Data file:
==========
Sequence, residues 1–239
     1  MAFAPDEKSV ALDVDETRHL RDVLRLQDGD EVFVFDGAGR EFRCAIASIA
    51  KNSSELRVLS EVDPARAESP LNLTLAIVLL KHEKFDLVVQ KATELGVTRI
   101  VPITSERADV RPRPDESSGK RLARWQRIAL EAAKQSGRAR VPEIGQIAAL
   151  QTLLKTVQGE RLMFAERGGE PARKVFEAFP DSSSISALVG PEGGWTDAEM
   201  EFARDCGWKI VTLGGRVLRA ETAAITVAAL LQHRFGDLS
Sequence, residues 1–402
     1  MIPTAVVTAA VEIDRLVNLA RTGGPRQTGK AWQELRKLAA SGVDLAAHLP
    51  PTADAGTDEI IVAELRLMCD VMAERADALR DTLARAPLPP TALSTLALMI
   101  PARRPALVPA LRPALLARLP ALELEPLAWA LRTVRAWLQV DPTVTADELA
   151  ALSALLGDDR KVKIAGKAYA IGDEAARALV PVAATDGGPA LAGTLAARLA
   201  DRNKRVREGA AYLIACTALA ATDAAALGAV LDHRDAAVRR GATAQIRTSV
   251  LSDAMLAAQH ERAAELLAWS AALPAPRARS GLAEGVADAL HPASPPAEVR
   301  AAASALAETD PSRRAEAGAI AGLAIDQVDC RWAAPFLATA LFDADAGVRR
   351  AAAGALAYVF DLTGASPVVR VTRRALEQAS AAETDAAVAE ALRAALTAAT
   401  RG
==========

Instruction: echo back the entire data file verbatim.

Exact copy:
Sequence, residues 1–239
     1  MAFAPDEKSV ALDVDETRHL RDVLRLQDGD EVFVFDGAGR EFRCAIASIA
    51  KNSSELRVLS EVDPARAESP LNLTLAIVLL KHEKFDLVVQ KATELGVTRI
   101  VPITSERADV RPRPDESSGK RLARWQRIAL EAAKQSGRAR VPEIGQIAAL
   151  QTLLKTVQGE RLMFAERGGE PARKVFEAFP DSSSISALVG PEGGWTDAEM
   201  EFARDCGWKI VTLGGRVLRA ETAAITVAAL LQHRFGDLS
Sequence, residues 1–402
     1  MIPTAVVTAA VEIDRLVNLA RTGGPRQTGK AWQELRKLAA SGVDLAAHLP
    51  PTADAGTDEI IVAELRLMCD VMAERADALR DTLARAPLPP TALSTLALMI
   101  PARRPALVPA LRPALLARLP ALELEPLAWA LRTVRAWLQV DPTVTADELA
   151  ALSALLGDDR KVKIAGKAYA IGDEAARALV PVAATDGGPA LAGTLAARLA
   201  DRNKRVREGA AYLIACTALA ATDAAALGAV LDHRDAAVRR GATAQIRTSV
   251  LSDAMLAAQH ERAAELLAWS AALPAPRARS GLAEGVADAL HPASPPAEVR
   301  AAASALAETD PSRRAEAGAI AGLAIDQVDC RWAAPFLATA LFDADAGVRR
   351  AAAGALAYVF DLTGASPVVR VTRRALEQAS AAETDAAVAE ALRAALTAAT
   401  RG